I am Associate Professor of Operations and Industrial Engineering at Worcester Polytechnic Institute (WPI), with courtesy professorships in Mathematical Sciences and Data Science. I hold a Ph.D. in Industrial Engineering from the University of Pittsburgh. My objective is to use science and technology to assist real human need by improving systems that serve vulnerable peoples, such as refugees and asylum seekers, survivors of human trafficking, and foster care.
I believe that the convergence of novel analytical technologies and open-source software can create solutions that improve quality of life, increase fairness, restore dignity, and generate significant societal impact. My research focuses on using prescriptive (integer optimization) and predictive (machine learning) analytics, together with algorithms, to effectively allocate scarce resources.
Under my mentorship, my team employs mathematical modeling and develops methods and tools to benefit vulnerable and marginalized individuals, groups, and populations. My scholarly work deeply influences students to get involved in these research projects that provides an opportunity to contribute in expanding the current boundaries of knowledge.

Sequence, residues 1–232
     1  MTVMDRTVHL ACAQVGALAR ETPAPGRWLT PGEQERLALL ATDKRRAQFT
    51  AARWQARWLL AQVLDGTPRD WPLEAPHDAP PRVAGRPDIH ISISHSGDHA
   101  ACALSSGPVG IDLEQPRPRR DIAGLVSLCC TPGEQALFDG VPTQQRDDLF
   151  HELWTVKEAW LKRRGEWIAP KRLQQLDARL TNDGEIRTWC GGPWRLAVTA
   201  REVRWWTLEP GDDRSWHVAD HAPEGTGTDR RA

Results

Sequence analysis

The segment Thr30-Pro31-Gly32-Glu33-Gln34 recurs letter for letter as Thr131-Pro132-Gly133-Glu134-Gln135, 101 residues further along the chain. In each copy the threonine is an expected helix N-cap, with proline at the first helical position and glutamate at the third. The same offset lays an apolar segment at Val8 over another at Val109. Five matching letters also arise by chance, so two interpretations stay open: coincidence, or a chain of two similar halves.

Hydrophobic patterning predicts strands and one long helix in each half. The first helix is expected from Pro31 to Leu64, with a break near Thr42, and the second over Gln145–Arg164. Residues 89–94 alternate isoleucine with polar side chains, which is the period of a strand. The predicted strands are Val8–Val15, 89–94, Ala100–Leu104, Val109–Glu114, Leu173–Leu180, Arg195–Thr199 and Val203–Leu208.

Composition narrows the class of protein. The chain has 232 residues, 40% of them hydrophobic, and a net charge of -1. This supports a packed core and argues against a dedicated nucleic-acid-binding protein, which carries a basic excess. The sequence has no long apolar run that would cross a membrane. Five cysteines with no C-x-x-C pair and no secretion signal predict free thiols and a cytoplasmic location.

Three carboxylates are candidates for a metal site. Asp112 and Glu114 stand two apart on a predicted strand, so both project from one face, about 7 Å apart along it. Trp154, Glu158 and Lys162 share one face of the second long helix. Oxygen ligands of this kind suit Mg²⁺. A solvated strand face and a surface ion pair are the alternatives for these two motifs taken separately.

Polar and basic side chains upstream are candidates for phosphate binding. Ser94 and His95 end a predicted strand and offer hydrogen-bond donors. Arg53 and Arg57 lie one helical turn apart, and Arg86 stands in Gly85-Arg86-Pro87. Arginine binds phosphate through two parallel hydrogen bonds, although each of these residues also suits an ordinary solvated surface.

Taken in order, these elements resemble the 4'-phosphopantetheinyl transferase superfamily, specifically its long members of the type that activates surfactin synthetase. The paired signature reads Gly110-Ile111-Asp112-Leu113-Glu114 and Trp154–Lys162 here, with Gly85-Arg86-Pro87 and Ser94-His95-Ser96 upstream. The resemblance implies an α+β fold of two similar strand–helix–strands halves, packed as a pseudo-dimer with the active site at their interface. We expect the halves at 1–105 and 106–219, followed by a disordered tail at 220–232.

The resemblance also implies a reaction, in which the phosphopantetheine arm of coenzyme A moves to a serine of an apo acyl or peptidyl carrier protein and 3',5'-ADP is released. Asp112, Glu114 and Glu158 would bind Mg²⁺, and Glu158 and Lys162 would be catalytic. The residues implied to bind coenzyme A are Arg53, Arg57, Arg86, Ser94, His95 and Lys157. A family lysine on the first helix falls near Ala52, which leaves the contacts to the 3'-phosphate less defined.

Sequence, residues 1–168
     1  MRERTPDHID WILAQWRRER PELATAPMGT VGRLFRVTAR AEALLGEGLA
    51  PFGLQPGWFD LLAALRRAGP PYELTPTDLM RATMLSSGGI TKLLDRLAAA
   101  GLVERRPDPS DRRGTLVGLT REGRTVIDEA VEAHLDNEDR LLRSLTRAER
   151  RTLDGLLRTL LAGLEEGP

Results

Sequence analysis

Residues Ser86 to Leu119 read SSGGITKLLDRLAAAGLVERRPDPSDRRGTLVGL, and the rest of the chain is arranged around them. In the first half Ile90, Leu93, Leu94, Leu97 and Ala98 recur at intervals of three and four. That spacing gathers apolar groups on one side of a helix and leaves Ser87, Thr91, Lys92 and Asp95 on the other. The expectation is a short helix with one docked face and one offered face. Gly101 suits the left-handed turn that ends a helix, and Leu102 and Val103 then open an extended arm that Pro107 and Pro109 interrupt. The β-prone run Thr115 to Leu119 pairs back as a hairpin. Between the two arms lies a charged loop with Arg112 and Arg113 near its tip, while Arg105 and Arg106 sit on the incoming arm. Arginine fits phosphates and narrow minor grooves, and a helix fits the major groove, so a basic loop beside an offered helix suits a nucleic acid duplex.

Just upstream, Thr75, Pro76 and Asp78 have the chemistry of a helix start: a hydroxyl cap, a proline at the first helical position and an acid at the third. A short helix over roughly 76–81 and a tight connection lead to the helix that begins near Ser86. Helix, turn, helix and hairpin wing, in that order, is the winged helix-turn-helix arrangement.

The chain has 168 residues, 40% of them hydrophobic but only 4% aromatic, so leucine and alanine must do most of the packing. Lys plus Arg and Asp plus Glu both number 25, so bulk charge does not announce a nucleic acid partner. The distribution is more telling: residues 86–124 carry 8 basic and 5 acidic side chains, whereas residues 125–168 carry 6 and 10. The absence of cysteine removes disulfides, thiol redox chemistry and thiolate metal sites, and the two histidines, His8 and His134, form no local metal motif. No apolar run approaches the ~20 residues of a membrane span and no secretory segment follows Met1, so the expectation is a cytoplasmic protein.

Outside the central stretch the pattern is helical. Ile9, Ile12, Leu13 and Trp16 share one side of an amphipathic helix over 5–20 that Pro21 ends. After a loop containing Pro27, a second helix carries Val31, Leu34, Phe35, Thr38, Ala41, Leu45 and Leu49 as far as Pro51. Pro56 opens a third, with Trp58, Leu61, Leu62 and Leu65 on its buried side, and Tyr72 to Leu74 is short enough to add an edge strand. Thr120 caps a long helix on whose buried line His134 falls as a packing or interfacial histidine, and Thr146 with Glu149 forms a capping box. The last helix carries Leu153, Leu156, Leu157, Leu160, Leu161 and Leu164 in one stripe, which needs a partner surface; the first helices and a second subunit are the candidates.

My research is supported by the National Science Foundation (Operations Engineering) grants CMMI-1825348, CMMI-1841893, CMMI-1935602, the Ragnar Söderberg Foundation, and other organizations.
You can find my work published in research journals and conferences that include:
• Operations Research,
• European Journal of Operational Research,
• INFORMS Journal on Computing,
• IISE Transactions,
• Decision Support Systems,
• Discrete Optimization,
• Socio-Economic Planning Sciences,
• Journal of Cleaner Production,
• Journal of Combinatorial Optimization,
• Health Systems,
Professional Highlights & Honors
NPR Hartford reported on Andrew Trapp, associate professor of operations and industrial engineering, developing analytical tools to estimate capacities for holding sites, judges, and other resources needed to humanely process migrant asylum cases at the U.S. southern border.
The Atlantic featured a story about the impact of technology developed by Business School professor Andrew Trapp to improve refugee resettlement across the US and around the world. The article, How Technology Could Revolutionize Refugee Resettlement, describes an algorithm and software program Trapp and colleagues developed that calculates thousands of bits of data to help humanitarian aid agencies give each refugee the best shot at success in their new home.